The Ghost and the Note

By Hy Conrad

“We shouldn’t be doing this,” I tell them.

We’re in the Olsen family’s playroom. Timmy Olsen puts the Ouija board in the middle of the table while his older sister Gloria reads the instructions. They found this Ouija game tucked away in their attic. It’s a wooden board covered with letters and numbers and weird symbols. The idea is for us to put our fingers on a rolling, pointy thing called a planchette. Then we all concentrate and try to get in touch with a spirit from the great beyond. The spirit is supposed to move the planchette and spell out a message for us.

“What’s the matter?” teases Gloria. “You afraid of ghosts?”

“There are no ghosts,” I say. “Someone has to push the planchette. That’s the only way it can move.”

“No, no. It moves by itself,” says Timmy. “I’ve seen it on TV.”

The door opens and for a second we all think it’s Mrs. Olsen, coming home and catching us. But it’s only our friend Sophie. “You guys ready to contact Captain McFee?” she whispers then closes the door and turns down the lights.

Captain John McFee was the man who built the Olsen’s house. A hundred years ago, the captain’s boat sank in a storm. Gloria swears she’s seen his ghost, all wet and slimy, roaming through the house at night. Timmy thinks maybe he’s seen it too.

This is all nonsense and will just give us bad dreams. But I don’t want to be called a chicken. So I sit down with the others. We all put one finger on the planchette. Gloria takes a deep breath and begins to speak in a spooky voice. “Captain McFee, we know you’re here. Please talk to us. Why are you haunting this house?” Gloria watches too many horror flicks, if you ask me.

She goes on like this. And the only result is that Timmy gets scared. “I gotta pee,” he says, then runs out of the room, slamming the door behind him.

“I know your parents don’t want you doing this,” I say. But it’s no good.

When Timmy comes back, he apologizes. He closes the door and we try again. This time the planchette starts to shake. A few seconds later it moves. I try to figure out who’s pushing it. “Are you there, Captain?” asks Sophie, her voice cracking. “Give us a sign.”

The planchette moves quickly now. It takes our fingers to “t” and moves on to “h”.   We all spell out the words as the pointer moves from letter to letter. “This is my house,” the message says. “Leave or else.”

Gloria lets out a little scream. Timmy moans. “That’s enough,” I say. “Whoever’s doing this, it’s not funny.”

It’s not us,” says Timmy. “It’s Captain McFee.”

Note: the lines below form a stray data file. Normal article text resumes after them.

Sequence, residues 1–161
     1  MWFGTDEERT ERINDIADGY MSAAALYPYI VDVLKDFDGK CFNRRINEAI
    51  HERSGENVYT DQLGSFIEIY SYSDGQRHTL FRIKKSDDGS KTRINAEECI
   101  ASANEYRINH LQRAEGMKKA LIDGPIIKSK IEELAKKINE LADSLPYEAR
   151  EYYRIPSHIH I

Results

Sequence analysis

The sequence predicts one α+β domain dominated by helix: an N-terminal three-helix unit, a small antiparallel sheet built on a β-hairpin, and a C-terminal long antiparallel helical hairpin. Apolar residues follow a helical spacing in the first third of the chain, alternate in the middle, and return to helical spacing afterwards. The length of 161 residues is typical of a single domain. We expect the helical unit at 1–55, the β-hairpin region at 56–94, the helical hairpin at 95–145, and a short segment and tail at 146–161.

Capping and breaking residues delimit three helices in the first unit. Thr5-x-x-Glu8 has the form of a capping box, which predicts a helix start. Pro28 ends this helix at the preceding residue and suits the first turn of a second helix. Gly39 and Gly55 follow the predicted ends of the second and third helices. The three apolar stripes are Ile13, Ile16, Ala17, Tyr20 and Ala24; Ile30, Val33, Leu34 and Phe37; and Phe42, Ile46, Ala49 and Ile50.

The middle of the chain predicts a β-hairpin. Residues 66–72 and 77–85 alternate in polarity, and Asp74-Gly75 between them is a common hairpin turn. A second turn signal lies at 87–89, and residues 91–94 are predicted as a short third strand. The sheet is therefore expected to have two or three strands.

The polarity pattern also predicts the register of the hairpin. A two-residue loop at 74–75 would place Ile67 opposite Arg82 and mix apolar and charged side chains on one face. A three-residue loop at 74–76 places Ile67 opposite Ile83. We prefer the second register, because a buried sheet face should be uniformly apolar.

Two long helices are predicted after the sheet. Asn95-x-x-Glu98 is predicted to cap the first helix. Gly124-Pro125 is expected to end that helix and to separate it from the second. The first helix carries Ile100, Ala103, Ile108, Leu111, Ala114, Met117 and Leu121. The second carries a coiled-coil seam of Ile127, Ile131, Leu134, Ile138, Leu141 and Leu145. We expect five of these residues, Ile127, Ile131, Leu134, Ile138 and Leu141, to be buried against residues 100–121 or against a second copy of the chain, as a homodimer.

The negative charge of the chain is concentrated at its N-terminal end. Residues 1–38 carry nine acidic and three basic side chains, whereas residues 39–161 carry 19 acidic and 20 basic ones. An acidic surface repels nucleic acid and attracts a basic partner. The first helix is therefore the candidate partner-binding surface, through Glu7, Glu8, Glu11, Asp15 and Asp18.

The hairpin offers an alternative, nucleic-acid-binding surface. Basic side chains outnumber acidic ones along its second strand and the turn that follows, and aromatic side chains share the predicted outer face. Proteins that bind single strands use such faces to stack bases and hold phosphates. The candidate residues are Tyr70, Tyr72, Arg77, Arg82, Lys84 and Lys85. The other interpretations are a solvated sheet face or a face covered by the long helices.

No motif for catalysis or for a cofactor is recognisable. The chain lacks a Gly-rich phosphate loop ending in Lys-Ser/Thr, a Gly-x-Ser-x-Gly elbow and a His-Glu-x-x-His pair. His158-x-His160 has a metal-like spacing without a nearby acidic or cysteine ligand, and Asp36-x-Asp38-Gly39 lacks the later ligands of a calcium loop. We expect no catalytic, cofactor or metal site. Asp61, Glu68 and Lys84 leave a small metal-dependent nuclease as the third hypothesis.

The planchette starts moving again under our fingers. “Leave – this – house – or – die.”

All of us jump back from the table, knocking over our chairs. Gloria’s hands fly up to her face. “What’ll we do?”

Before I can protest again, there’s a single, loud rap, like someone kicking the wall or knocking on the door. “It’s the captain,” shouts Sophie. “Don’t let him in.”

Now I’m no longer scared. I’m angry. “There’s no ghost.” And to prove it, I throw open the playroom door. The hallway is empty. “One of you moved the pointer,” I say. “And you knocked on the wall. So just cut it out.”

Gloria doesn’t believe it. She runs past me into the hallway and looks around. Then she checks the other side of the playroom door. “Oh, my gosh,” she gasps. “Look!”

By the time we get there, she’s already pulled them out of the door. It’s a note and a dangerous looking kitchen knife. “The captain left a message,” she says, pointing to a gash in the middle of the wooden door.

The note is written on a piece of computer paper, with a knife hole right in the middle. “LEAVE THIS HOUSE OR DIE!” it says in big red letters.

Timmy looks scared enough to faint. “It’s blood. We have to get out of here.”

“It’s not blood,” I say as I examine the note. “It’s red crayon. And how exactly does a ghost write a note?”

“He wanted to prove to you he’s real,” says Sophie. “We all heard him stab the door.”

“That was one of you, hitting the wall in the dark.”

“What about the knife and note?   You can’t say that was us. We were all in the room.”

“First of all, there are no ghosts.” I’m talking calmly, like a condescending teacher. “One of you planned this ahead of time. Your idea of a big, unfunny joke.”

I’m thinking fast and furious, trying to figure it out. Sophie, I know, was the last to arrive before the séance. Maybe she did it. But then Timmy went out to use the bathroom. And Gloria was the one who found the note.

“I know who it was,” I finally tell them. “And it wasn’t a ghost.”

Do you know?



They’re all listening to me for a change. “First off, there are no ghosts. One of you made the sound, not the knife.”

Sophie isn’t buying it. “If one of us made the sound, then how did the knife get into the door? That would have made a sound, too.”

“Right,” I say. “So it couldn’t be you, Sophie. We would have heard you. Also, Timmy would have definitely seen it when he came back from the bathroom.”

“Hey, it wasn’t me,” says Timmy.

“It wasn’t you,” I agree. “And for the same reason. We would have heard you stabbing the door.”

“And it couldn’t have been me,” says Gloria. “For the same reason.”

“Actually, it was you.”   Gloria throws me a deadly scowl, but I go on. “If it wasn’t a ghost – and it wasn’t – then the door was never stabbed.”

“But you all saw it,” Gloria insists. “The knife and the note.”

“No. By the time we looked, the knife wasn’t in the door. It was in your hand. You must have set it up before, making a knife hole in the door, then hiding the note and the knife somewhere. When we left the room, looking for the ghost, you had a few seconds to take them out and fool us.”

Gloria doesn’t admit to anything. But Timmy knows I’m right. “You gouged the door,” he yells at his sister. “I’m telling Mom.”